Lovisa Stannow and Kathy Hall-Martinez, A devastating link: prisoner rape, the war on drugs in the U.S., The Clarion-Ledger, May 16, 2007.
LOS ANGELES — The enormous financial and
moral costs of the U.S. "war on drugs" have been well-documented
over the past few years. Less known is the devastating link
between that crusade and the epidemic of rape behind bars.
With laws requiring longer sentences for
drug offenses and less judicial discretion for leniency, the war
on drugs has had a profound impact - just not the impact that
Instead of resolving the problems of drug
use and drug addiction, these policies have resulted in a
mushrooming of the inmate population, which in turn has
contributed to the problem of rampant sexual abuse in prisons
Of the 2.3 million people behind bars in
the United States today, more than 500,000 are incarcerated on
drug charges alone, with hundreds of thousands more imprisoned
on drug-motivated crimes, such as property offenses and public
Federal, state, and local governments are
spending astronomical sums on building ever more prisons and
jails - and existing facilities are still seriously overcrowded
Recent research studies show that as many
as 20 percent of male prisoners have been pressured or coerced
into sex, and 10 percent have been raped.
In a study at one women's facility, more
than a quarter of the inmates reported that they had been
subjected to sexual abuse.
In fact, prisoner rape is this country's
most widespread human rights emergency and the war on drugs is a
major contributor to the crisis.
With little or no institutional
protection, prisoner rape survivors are left with physical
injuries, are impregnated against their will, contract HIV and
other sexually transmitted diseases, and suffer severe
Any inmate can become the victim of
prisoner rape, but people serving drug sentences, many of whom
are young, non-violent, and unschooled in the ways of prison
life, are among those most vulnerable to sexual abuse.
"Carl Shepard," whose name was changed
because he still fears for his safety, is a case in point. A
non-violent gay man, Shepard was raped by his cellmate while
serving time in a Mississippi prison for larceny that was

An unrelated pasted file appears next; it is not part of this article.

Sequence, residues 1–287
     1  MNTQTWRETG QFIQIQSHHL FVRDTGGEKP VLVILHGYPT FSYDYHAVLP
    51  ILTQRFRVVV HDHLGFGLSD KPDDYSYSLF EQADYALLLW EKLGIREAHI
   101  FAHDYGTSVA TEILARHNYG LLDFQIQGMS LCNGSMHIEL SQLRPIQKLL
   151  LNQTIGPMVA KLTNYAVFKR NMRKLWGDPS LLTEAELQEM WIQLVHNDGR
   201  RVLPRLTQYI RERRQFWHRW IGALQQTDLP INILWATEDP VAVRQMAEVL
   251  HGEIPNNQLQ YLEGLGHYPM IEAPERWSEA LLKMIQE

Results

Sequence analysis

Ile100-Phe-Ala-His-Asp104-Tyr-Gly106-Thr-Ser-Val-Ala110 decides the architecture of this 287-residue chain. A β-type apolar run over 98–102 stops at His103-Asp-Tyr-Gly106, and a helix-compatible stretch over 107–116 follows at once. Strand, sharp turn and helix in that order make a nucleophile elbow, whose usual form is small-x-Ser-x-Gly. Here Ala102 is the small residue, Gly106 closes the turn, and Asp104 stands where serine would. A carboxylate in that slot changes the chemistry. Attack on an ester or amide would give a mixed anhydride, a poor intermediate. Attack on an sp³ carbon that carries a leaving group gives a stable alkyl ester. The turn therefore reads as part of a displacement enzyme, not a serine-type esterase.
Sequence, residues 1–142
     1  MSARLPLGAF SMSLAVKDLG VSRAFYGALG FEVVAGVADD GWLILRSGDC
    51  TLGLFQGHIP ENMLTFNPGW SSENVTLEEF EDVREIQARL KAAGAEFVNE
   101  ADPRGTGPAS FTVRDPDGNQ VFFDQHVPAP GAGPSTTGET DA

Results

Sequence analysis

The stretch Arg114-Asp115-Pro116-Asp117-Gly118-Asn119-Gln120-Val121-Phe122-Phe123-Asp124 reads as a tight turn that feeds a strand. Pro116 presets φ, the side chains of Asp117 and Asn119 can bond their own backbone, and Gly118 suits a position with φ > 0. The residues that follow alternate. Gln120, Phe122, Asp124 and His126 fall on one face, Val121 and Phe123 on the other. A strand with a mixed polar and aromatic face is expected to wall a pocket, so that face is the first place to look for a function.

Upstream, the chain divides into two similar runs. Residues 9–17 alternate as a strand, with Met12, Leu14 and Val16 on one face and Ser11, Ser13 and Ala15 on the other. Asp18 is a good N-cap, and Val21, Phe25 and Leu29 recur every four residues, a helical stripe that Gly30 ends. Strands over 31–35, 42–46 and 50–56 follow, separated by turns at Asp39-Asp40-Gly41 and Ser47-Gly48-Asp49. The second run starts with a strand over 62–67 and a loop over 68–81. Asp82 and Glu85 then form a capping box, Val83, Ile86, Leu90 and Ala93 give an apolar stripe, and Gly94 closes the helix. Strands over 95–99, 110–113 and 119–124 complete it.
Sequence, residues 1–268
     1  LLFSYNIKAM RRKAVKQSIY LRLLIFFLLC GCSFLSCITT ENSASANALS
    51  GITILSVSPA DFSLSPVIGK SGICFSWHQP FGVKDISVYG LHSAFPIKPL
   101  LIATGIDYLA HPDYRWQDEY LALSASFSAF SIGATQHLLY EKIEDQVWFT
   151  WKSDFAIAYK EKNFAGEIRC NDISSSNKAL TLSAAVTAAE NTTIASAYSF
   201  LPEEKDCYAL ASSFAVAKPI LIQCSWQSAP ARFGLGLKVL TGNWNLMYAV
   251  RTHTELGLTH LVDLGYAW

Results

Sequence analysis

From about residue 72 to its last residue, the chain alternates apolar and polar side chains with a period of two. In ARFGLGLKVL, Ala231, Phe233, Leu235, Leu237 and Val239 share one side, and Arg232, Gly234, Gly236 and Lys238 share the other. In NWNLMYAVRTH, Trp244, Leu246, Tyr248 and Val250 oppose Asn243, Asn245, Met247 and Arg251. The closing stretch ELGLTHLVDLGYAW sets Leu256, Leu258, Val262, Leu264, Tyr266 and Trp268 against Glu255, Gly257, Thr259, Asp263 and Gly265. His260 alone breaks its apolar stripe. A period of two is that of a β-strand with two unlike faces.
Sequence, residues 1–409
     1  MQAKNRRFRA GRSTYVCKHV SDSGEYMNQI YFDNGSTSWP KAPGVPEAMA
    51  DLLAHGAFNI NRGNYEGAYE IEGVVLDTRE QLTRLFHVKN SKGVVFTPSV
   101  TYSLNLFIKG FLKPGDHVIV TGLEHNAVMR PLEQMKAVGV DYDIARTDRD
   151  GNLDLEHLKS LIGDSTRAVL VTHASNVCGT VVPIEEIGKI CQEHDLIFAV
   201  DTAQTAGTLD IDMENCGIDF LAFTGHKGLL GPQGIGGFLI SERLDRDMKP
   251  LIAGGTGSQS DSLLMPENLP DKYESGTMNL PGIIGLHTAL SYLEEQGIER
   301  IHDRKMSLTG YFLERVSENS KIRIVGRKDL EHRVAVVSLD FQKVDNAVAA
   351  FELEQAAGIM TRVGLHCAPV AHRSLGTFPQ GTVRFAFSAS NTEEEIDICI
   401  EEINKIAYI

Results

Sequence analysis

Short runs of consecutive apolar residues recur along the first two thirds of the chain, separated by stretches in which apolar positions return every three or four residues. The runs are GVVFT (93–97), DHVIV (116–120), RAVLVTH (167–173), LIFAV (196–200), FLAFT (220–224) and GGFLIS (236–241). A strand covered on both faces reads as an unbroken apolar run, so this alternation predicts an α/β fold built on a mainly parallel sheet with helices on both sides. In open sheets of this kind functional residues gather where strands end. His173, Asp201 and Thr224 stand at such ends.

motivated by his drug addiction.
He tried to report the rape immediately,
but was not able to do so until the following day. When he was
finally able to speak with prison administrators, they minimized
Shepard told Stop Prisoner Rape, "The
major said that because I am gay, the sex must have been
consensual. He said I got what I deserved."
Anyone who thinks prisoner rape and other
forms of sexual violence behind bars do not matter to those on
the outside should think again. Some 95 percent of inmates are
eventually released. When they return to their communities, they
bring with them their prison experiences, including learned
violent behavior and the long-term effects of trauma.
In the case of prisoner rape survivors,
the emotional and physical scars of the abuse they endured while
incarcerated can fester for years, even decades, profoundly
affecting family, friends, and the wider community.
The war on drugs needs to be reconsidered
as a matter of urgency. This need has nothing to do with being
soft on crime and everything to do with establishing effective
and sensible public policy.
After a decades-long incarceration frenzy,
we have succeeded in putting more people behind bars per capita
than any other country in the world, without making a dent in
the trade and use of illicit drugs.
Meanwhile, we have set up thousands of
non-violent men and women for sexual abuse behind bars and
life-long emotional trauma.
Rape should never be part of any inmate's
punishment. Survivors like Carl Shepard have become the
casualties of the war on drugs; they are men and women who have
paid far too high a price for such a futile crusade.
Lovisa Stannow and Kathy Hall-Martinez are the co-executive
directors of Stop Prisoner Rape, a national human rights
organization based in Los Angeles. For more information about
the link between the war on drugs and prisoner rape, please